There are anti erosion humps that are pretty big, and i tend to just lift the front like I'm manualling through them and blip the throttle. This lands it flat on the upslope that the hump was carved from, usually it's like a step cut out of the face of the track.

You'll get the idea.

Standard DR suspension with gold valves and heavy springs did not do this well. Not at all.

This is the tail end of 4 hours of very similar riding. So I'm trying to get there, but not busting my ass...
Surprised to see no traffic coming down, you do that on a weekday? Weekend is a bit like the hume.

Video makes the incline look a little less.
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Old 06-22-2012, 06:27 AM   #66222
Rusty Rocket
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Quote:
Originally Posted by vfr870 View Post
For those that dont have access to machine tools, simply take an old clutch friction disc and an old clutch steel plate, drill through each one, nut & bolt it together, and now you have your very own clutch hub holding tool.
Beat me to it Steve. That's the way we used to do it when I had no money.

That or just a steel plate and a pair if needle nose ViseGrips.
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Old 06-22-2012, 06:41 AM   #66223
Snowy
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Quote:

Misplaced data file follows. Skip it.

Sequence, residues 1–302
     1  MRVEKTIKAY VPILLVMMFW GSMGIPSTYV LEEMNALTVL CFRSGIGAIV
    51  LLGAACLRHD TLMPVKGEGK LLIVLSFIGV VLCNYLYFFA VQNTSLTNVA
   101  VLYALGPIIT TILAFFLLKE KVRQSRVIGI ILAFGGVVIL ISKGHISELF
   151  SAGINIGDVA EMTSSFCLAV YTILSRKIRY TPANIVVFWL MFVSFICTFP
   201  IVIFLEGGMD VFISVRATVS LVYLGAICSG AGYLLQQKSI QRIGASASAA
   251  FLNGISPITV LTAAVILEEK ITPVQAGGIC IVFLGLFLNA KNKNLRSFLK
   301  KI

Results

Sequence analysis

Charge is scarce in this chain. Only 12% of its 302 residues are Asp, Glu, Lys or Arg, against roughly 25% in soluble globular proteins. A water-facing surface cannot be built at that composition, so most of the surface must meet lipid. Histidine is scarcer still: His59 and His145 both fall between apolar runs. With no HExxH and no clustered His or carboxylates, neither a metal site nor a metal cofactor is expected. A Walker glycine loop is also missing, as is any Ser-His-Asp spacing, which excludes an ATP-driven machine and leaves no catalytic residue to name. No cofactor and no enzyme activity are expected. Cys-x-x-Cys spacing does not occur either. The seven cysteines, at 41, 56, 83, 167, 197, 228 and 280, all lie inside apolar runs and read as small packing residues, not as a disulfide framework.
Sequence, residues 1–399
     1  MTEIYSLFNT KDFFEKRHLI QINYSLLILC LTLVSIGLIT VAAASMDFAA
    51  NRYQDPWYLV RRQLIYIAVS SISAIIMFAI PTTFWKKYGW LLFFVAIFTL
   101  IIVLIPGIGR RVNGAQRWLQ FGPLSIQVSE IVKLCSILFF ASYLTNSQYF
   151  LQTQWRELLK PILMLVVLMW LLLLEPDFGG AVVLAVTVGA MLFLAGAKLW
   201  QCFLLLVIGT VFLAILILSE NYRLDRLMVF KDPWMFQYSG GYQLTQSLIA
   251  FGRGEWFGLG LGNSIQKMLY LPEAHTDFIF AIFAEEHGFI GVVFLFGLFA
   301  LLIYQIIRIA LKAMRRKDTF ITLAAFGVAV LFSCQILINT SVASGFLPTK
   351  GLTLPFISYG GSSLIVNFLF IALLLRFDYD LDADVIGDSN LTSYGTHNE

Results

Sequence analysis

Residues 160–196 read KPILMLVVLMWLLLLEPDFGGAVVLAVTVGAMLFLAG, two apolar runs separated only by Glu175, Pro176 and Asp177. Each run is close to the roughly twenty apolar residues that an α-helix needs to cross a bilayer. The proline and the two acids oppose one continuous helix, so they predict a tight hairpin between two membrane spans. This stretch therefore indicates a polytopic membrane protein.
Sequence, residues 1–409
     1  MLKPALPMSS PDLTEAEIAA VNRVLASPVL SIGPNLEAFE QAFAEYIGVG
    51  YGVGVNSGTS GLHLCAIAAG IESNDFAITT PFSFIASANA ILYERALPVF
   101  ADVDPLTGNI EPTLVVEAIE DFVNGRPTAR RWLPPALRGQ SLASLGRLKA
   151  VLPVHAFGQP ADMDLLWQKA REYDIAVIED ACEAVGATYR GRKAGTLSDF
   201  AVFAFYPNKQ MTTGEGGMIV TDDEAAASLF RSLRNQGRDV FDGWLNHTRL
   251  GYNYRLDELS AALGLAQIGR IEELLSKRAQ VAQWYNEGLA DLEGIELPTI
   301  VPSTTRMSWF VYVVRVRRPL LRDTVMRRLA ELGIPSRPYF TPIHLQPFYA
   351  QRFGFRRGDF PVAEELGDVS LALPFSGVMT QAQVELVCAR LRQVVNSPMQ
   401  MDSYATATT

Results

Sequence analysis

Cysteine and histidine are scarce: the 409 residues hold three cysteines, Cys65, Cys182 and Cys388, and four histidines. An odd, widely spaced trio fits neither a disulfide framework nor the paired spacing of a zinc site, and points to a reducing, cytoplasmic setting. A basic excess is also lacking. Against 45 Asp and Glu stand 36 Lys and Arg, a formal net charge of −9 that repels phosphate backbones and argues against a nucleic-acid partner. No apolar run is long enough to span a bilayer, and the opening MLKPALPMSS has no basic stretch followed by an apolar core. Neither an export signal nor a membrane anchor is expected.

Originally Posted by choccoloco View Post
Surprised to see no traffic coming down, you do that on a weekday? Weekend is a bit like the hume.

Video makes the incline look a little less.
You have to time it right. It's on a Sunday early afternoon (edit, I checked the shadows from the trees and I'd say it's early afternoon, not late morning). Any earlier you get them on the way in, any later you get them on the way out. I can usually dodge most of them by timing the loops right.

Weekdays are great except you're likely to get carried away by the lack of traffic, come banging around a corner and the Forestry guys have dug a 6 foot deep trench across the track to replace a pipe, and then gone and sat in the sun to have lunch.

Only happened once. I've been wary since.

To be honest, you can go a lot faster out here and have a great time, but it is National Park, there are other players around, and trees hurt when you hit them.

I haven't had many big hits up there, and I've ridden out after every one. Broken 2 helmets in 6 months here and way out in the hills. Didn't feel well, but rode home each time after some running repairs.